Thursday, March 10, 2016

Now testing virtual 1403 printer, real 1627-substitute plotter


Implementing physical plotter (1627 equivalent)

I fired up the 1130 with the plotter connected through my slave fpga board to do some testing of XIO commands to see how it worked. I found that interrupt level 4 requests are hot from my fpga, which is probably an issue in the 1403 function as it uses that level. I need to debug that first before I begin writing to the plotter.

The problem with the hot interrupt was a mistake in assigning signals to the high speed link. The Not Ready status for the paper tape reader was connected so that it appeared to be the end operation signal which triggers an interrupt on IL4. Correcting the assignments should get rid of the undesired interrupt.

It worked and I then tried some plotter commands (XIO Write with the proper data words), but it wasn't responding. I executed XIO Sense Device and saw that my slave fpga was reporting Not Ready. I hadn't wired up the proper wire to mark it ready, but instead connected the 1627, 1134 and 1055 ready status to three of the slide switches on the slave fpga board. Now I can test as I wish.

Something is blocking response to the XIO for the plotter - I issue the XIO Write and should see a movement plus an interrupt on level 3, but even though the Not Ready bit is off, the adapter behaves as if it were still on.

Implementing physical paper tape reader/punch (1134 and 1055 equivalents)

I saw an improvement in how I would handle interrupts for the paper tape devices and began implementing it in the fpga. This treatment is consistent with the other device drives. I won't be testing the paper tape until I finish with the physical plotter and virtual 1403 types, but the changes are in place.

Implementing virtual 1403 printer

I cleaned up and tested the Python code that will load a virtual carriage control tape image from a PC file, as it is opening a print output file. If the user cancels the file open, a default tape is loaded. This tape has channel 1 in the first of 66 lines, channel 9 punched in line 65, channel 12 punched in line 66, and then a pattern for the other channels based on their numbers.I put channel 2 on every other line, channel 3 on every 3rd line, etc so that there is some degree of skipping even with the default tape. .

My testing would have been easier if the IBM diagnostic decks for the 1403 printer had been in the drawers that came with my 1130. There was a third party printer that pretended to be a 1403, but I am not sure whether the diagnostics for that depend on any behaviors that were different from an IBM 1403.

Without the 1130 or the SAC box, I can still test out the logic for opening the output file on the PC and trying to open the carriage tape image file. That all worked well but when the Python program began to write the default tape image to the buffer, my write special data transaction timed out. More debugging on my plate, along with the hot IL4 from above.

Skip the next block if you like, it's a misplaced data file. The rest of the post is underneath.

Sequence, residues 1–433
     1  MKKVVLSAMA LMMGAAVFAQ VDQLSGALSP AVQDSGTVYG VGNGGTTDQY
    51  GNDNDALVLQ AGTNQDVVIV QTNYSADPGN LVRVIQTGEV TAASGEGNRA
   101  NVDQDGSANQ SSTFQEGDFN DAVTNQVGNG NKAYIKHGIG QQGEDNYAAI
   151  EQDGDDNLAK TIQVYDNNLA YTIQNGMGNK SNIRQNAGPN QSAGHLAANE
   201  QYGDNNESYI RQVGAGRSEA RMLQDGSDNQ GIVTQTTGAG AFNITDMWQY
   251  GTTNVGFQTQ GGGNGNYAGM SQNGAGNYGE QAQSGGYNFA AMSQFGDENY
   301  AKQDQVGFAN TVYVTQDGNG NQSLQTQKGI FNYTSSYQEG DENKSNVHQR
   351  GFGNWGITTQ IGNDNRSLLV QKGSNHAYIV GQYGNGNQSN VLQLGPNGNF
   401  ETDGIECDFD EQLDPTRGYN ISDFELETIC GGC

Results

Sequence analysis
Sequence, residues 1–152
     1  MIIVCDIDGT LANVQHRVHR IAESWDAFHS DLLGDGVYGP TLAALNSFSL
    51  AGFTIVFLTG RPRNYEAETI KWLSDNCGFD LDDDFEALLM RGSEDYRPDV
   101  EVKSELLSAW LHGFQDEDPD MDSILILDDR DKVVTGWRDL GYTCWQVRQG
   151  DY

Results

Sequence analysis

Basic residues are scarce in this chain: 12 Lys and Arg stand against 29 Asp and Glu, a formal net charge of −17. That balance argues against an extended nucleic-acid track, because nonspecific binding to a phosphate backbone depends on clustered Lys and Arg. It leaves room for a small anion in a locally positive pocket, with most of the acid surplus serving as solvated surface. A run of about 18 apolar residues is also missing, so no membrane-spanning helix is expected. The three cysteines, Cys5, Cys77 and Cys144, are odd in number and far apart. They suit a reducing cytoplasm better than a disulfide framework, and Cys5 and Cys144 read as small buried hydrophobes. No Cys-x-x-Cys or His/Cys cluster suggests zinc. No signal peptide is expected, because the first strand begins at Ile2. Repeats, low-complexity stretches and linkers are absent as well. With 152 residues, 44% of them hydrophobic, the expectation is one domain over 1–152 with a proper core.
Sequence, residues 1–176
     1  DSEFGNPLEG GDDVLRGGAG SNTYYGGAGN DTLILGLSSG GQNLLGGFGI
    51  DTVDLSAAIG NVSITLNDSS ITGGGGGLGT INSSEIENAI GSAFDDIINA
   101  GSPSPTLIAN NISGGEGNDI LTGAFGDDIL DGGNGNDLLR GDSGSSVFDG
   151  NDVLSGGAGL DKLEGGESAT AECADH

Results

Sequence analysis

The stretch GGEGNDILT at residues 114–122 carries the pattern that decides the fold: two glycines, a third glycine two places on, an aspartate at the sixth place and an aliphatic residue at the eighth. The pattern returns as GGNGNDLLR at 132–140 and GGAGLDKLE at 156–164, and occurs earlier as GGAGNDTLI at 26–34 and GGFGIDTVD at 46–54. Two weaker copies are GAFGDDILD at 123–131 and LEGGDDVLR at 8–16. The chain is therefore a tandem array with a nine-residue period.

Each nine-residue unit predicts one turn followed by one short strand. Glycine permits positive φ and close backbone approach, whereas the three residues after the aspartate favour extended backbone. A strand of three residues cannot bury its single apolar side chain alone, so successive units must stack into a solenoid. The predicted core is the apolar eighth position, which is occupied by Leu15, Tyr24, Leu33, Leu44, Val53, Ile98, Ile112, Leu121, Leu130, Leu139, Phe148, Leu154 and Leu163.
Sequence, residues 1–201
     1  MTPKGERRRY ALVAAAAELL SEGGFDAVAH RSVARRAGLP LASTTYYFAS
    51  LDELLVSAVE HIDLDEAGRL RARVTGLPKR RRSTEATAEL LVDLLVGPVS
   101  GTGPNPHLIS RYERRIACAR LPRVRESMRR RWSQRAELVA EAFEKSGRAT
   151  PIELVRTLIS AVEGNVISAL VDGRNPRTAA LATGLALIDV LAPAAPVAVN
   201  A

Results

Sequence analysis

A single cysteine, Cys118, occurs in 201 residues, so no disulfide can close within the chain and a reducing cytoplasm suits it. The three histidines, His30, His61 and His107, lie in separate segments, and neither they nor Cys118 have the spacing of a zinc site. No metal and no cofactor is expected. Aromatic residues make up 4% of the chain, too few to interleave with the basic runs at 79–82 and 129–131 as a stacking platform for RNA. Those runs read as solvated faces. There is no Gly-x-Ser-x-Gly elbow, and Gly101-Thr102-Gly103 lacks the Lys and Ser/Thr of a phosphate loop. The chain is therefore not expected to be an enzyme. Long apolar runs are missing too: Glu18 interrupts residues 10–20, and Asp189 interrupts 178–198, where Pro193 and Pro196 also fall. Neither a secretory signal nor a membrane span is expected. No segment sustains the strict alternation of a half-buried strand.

I found the problem with the write special data transaction, which was miscoded in the Python program. I fixed up this as well and went back to testing - after the 45 minutes needed to synthesize both fpga boards.

When I turn on the virtual 1403, I get an error in the first tranaction which turns off the Not Ready status to signal that programs can do IO to the printer. Something is going wrong with that or the following transaction, the one that loads the virtual carriage control tape buffer. Time to put in more diagnostics as this problem did not clear up after my first changes.

Well, I found the problem and it is something I tripped over earlier this year as well. The fpga logic looks for the transactions for the 1403 printer by matching the UCW number in the transaction. The 1403 printer is set up in the first UCW position, so its number is 00001 but the area code - the address used with the XIO program to speak to the printer - is 10101. I coded the latter value. Since I only have 20 UCWs in the current implementation, there will never be a value 21 (10101 in binary).

Thus, my logic didn't kick off and process the incoming carriage tape buffer contents and stalled the main transactional loop. I corrected the logic, surfed the internet for the half hour required to update the fpga, and then tested again. Not right, but it zoomed me in on the logic that is malfunctioning.

By the end of the day, I still hadn't found and fixed my problems, although the logic is cleaner and more solid as a result of the work so far. 

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